- There are points on the map where the camera can't extend pass. It'll simply stop at the edge. These are the camera bounds. This function is useful to bypass that; however, you can change it at the start of the map as well. Just go to - Scenario
-> Map Size and Camera Bounds
[*]Set Camera Bounds
- Create a region using the region palette, and this will do the dirty work of figuring out the amount you want to change your camera bounds by.
[*]Set Spacebar Point
- This will allow you to press the spacebar to snap your camera to a specific point. Can I use this to detect a player pressing spacebar?
Yes, but it is hardly efficient. First of all, people can move to the spacebar point occasionally with their camera. Second, it can sometimes bug out and is a little slow with detecting the amount of presses. Third, it has less of a chance of working as you get the timer check below 0.03. However, with some proper functions and a lengthy system it could work. I made a very small system with a few arrays (and a recycling method so it wouldn't get over 8190) that worked with it to quickly set the camera position back after pressing spacebar, but I never released it due to it being pretty inefficient. It was just meant for testing.
[/list]JASS Extra Functions:
native AdjustCameraField takes camerafield
duration returns nothing
Pretty much the same thing as SetCameraField(). Except you can use it to add or subtract as far as I know.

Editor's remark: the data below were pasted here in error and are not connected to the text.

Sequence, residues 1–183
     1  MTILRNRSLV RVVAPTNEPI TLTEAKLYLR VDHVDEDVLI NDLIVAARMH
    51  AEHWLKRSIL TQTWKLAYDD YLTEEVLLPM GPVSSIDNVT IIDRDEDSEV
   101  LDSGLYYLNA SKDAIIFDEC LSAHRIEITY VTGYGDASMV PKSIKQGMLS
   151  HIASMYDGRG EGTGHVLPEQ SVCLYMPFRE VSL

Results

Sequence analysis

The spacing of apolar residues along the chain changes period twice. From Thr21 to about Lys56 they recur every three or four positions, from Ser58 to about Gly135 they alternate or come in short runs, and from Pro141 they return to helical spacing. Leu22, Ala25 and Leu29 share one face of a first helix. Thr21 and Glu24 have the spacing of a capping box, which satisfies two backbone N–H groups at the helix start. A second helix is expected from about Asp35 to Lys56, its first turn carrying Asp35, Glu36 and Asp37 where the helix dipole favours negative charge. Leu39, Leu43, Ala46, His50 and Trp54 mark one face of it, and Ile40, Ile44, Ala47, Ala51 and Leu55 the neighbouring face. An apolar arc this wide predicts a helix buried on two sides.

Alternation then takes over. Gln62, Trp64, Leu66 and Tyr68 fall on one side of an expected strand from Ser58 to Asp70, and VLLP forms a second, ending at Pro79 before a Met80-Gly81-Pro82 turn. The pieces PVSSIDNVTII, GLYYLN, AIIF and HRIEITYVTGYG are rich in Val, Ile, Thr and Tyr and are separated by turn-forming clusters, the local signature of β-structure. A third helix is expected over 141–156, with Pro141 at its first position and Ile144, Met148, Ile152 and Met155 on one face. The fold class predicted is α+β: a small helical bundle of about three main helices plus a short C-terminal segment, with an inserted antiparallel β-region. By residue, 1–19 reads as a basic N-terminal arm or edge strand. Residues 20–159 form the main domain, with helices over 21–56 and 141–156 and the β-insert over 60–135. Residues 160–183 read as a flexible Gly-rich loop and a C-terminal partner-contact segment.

This will allow you to apply a camera with duration and Z. GUI has these, but they are called by other functions.
These are useful for retrieving fields and positions. Doable in GUI, but useful to mention since it is great for creating camera systems.
Instead of the target X/Y, this will return the X/Y/Z
of the eye position. For GUI, you'd probably use the Loc. For JASS, you'd use the X, Y, and Z. The eye position is basically the camera viewer, instead of the actual target point the camera is directed toward.
Same as above, except it gets the data of the target point the camera is oriented toward.
native PanCameraTo takes real
y returns nothing
Panning functions, easily allow you to pan to points without modifying camera fields. Use the GetLocalPlayer() block to apply them for only a single player.
Basically like PanCameraTo. It just doesn't pan as far as I know.
Modifies the point where a camera moves when a player presses the spacebar.
Swaying and earthquakes.
There are more, but many of them have GUI counterparts or are self-explanatory.Cinematic Systems:
The most famous:http://www.wc3c.net/showthread.php?t=79554
EDIT: This is a more recent version:http://www.wc3c.net/showthread.php?t=110341
Why are these used? They provide several functions that do a lot of complicating/dirty work. Some are not necessarily needed, but they are useful to have. As a longer-time JASSer, you might not need too many of these, but some of the camera functions are very useful and complex. The system makes it kind of so that you only need to use the functions in the system for your cinematic. If you change cameras, you'll probably realize that it is annoying how changing your camera will cause it to abruptly change speeds and have a crappy transition. The cameras are not good for easing, so this system helps a lot for that.Conclusion:
Cameras are complex, but easy once you get used to them. Play around with them and you'll love them. I might extend this tutorial a bit more if people want to know about smooth camera applications and easing, but this is all for now. Good luck with your future camera-creations!Camera Testing:
This is a quick test map to test camera fields. Type /help to get a list of in-game commands. This is just if the camera fields are confusing you.